In Florida, non-catastrophic damages such as water leakage during a rain storm can be insured. When a homeowner faces insured damages, he or she will call a contractor to mitigate further damage and repair the original damage. The homeowner is usually offered an assignment of benefits (AOB) form that appoints the contractor to fix the problem and receive the insurance payment due to the insured party for the claim. The contractor will bill the insurance company and if unsatisfied by the insurer’s proposed payout, the contractor will engage an attorney who will push the claim through negotiations and likely through a court case as needed.

Under the American Rule for litigation fees allocation, each party pays his own lawyer fees. This is the norm for the majority of civil litigation in the U.S.  The American Rule aligns each party’s litigation costs with the degree of aggressiveness he chooses. A party who conducts an extensive search for evidence and expert testimony preparation does so knowing that he may need to pay for all that work if he does not prevail in court. The net effect of the American Rule is a more rational set of choices by the parties when incurring litigation costs.

Some exemptions to the American Rule have been chosen to accomplish public purposes. For example, a fee allocation rule that gives an advantage to plaintiffs would “induce private plaintiffs to enforce statutory objectives.” Such an advantage might also be given to plaintiffs with fewer resources than the defendants, thereby correcting the relative disadvantage of an impoverished litigant. There have been 2,000 statutory exemptions to the American Rule in the U.S.

Another fee allocation approach sometimes used in the U.S. is the English Rule where the “loser pays” litigation fees incurred by both parties. The prospect of paying for all litigation fees can be daunting when a party is outmatched in resources by his opponent. The English Rule tends to discourage frivolous cases, and those seeking resolution through a court case unless the party is very confident in his chances of winning. The English Rule will reduce court congestion.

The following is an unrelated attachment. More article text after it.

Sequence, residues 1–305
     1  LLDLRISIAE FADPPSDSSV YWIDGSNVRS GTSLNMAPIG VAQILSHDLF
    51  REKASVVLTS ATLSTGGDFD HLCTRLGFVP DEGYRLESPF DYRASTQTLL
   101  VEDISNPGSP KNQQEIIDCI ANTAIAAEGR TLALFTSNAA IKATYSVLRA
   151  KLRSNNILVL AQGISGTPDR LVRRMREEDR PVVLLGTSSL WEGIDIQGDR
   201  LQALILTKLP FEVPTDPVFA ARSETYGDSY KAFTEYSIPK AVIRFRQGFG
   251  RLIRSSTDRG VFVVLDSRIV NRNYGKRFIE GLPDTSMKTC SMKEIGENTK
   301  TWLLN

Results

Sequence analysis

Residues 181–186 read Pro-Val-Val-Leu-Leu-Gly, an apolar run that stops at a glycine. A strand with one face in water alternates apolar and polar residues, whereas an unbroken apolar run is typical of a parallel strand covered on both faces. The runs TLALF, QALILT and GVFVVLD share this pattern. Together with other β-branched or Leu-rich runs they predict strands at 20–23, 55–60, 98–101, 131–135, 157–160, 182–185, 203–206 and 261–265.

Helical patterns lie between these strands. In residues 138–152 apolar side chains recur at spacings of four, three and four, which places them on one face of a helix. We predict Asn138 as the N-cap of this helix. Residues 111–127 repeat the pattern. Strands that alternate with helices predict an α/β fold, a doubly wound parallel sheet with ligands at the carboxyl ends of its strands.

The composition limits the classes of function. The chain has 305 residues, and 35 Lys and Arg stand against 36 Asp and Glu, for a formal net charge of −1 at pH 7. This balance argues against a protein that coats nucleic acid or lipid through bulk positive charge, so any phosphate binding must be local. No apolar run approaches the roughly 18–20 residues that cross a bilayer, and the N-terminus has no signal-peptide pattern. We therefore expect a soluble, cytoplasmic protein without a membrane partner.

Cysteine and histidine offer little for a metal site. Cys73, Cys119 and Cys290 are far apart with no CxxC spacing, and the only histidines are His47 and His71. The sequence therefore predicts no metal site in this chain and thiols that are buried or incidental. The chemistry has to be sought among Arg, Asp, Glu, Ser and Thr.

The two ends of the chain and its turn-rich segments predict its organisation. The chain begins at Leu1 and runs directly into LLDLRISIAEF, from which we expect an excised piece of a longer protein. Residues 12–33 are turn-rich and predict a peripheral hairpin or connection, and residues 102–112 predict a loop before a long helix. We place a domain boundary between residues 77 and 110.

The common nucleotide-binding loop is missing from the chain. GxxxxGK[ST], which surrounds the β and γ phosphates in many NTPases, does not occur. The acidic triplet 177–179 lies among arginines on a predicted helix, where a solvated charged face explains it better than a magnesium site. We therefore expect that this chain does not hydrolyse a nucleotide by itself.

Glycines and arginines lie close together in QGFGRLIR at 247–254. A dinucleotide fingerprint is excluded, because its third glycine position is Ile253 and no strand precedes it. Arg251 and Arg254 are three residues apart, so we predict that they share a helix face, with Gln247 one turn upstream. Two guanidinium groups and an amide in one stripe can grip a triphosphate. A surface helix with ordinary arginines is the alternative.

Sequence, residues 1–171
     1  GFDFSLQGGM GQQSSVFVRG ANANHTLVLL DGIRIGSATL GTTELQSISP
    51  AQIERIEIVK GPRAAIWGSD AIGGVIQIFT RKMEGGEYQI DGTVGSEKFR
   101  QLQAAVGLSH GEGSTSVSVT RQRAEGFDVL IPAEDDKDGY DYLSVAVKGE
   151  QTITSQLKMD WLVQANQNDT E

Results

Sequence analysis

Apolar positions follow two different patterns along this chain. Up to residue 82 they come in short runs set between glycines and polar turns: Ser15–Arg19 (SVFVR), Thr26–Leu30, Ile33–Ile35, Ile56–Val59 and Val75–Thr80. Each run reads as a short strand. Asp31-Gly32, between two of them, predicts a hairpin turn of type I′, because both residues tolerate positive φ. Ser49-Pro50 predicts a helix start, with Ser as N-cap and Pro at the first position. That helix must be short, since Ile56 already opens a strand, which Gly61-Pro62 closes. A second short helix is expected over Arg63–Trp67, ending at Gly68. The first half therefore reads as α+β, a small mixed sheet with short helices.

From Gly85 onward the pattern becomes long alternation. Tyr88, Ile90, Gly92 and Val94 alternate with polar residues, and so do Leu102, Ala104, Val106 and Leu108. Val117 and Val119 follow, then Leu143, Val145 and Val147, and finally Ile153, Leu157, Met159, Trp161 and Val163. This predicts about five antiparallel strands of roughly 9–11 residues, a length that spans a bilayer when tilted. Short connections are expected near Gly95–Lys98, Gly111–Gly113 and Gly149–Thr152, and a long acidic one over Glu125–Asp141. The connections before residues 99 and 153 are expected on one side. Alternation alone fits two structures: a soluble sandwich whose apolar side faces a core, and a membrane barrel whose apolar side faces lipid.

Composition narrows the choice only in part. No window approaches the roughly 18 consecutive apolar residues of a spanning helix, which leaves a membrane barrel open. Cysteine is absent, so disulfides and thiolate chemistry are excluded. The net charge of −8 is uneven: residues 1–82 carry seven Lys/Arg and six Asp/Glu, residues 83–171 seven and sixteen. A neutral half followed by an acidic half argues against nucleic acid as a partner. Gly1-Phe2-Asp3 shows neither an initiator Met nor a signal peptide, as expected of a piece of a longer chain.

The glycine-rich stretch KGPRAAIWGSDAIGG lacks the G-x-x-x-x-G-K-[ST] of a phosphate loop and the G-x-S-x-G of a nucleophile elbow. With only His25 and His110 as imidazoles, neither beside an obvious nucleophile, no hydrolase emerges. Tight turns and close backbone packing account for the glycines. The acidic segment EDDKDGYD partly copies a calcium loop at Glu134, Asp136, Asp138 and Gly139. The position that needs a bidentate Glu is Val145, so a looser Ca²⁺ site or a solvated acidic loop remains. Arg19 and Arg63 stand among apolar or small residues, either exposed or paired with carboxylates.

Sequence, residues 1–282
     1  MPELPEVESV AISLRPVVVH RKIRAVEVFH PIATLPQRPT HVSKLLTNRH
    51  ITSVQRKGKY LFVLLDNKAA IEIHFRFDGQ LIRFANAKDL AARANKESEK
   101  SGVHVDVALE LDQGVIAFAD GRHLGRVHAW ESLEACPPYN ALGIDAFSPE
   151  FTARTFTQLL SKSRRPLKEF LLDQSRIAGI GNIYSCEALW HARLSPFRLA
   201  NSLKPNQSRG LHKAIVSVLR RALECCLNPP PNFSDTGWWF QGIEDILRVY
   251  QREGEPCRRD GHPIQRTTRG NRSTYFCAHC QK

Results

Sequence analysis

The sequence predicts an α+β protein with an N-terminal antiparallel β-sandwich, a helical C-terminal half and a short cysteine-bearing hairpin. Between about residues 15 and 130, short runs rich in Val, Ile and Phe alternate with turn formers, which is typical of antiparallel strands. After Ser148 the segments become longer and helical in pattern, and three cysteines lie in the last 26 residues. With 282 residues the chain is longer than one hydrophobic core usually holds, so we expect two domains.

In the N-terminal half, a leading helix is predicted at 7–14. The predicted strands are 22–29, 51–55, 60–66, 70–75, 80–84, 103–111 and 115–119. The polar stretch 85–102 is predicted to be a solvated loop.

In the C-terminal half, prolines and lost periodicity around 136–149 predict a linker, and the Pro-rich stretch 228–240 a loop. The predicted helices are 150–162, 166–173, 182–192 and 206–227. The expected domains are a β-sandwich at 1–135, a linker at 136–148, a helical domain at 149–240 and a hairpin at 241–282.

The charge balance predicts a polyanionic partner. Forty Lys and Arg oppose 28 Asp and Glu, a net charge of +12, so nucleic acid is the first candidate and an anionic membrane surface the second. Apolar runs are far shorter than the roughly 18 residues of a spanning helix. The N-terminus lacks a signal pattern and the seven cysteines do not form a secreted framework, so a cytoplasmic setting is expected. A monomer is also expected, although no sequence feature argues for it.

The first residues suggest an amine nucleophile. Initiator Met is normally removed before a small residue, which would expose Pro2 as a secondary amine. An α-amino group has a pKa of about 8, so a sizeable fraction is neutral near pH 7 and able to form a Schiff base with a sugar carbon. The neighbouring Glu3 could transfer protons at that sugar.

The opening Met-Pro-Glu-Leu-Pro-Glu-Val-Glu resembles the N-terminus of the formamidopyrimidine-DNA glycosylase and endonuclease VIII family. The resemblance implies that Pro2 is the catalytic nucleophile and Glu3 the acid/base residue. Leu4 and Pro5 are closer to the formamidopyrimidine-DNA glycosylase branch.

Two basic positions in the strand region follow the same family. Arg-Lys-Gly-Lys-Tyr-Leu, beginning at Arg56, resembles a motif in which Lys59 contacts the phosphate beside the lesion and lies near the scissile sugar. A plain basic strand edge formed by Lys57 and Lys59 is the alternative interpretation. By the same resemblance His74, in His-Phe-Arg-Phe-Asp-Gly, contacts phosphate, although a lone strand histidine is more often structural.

A notorious approach to fee allocation is the Florida one-way attorney fee (Statute), which mandates that attorney fees be paid by the insurer if a claim is found to have been underpaid by any amount. This threat reduces the incentive to negotiate a settlement, however this Statute is designed to be policyholder protection because it gives policy holders an advantage against their casualty insurance companies.

The Statute encourages abuse by trial lawyers and vendors who obtain an AOB from a policyholder and then sue the insurer. Under the Statute there is no incentive for the water-damage remediation workers to constrain the hours of work they charge for and there is little incentive for constraining the billable hours that attorneys book against the case. Excessive charges are the norm in these one-way attorney fee cases. In effect, the Statute provides the plaintiffs’ attorney and water remediation contractors a license to pillage.

Another AOB Statute problem is that assignees have no responsibilities or duties under the policy, they are not required to communicate with the insurer to allow the insurer to understand the details of the AOB claim. Such details are necessary for insurers to adequately make a proposal for settlement.

Assignment of Benefits abuse in Florida has skyrocketed over the last several years, driving up litigation costs and property insurance rates across the state. In 2017, AOB litigation was 60% of all insurance litigation. The industry says the abuse is being led by attorneys working with unregulated water damage remediation firms.

The excessive fees charged to insurance companies are covered by consumers, of course. Some of the excessive fees become part of the price increases for subsequent year casualty insurance premiums. The shortfall will become part of the assessment that Citizens Property Insurance Corporation is permitted to levy against all Florida insurance policyholders (home, renters, auto, commercial, etc.). In other words, AOB one-way fees are privatized to benefit AOB lawyers, and the costs are socialized to burden all Florida insurance customers. This cannot be what the Florida Legislature intended, but this travesty is what has resulted from an AOB Statute run amok.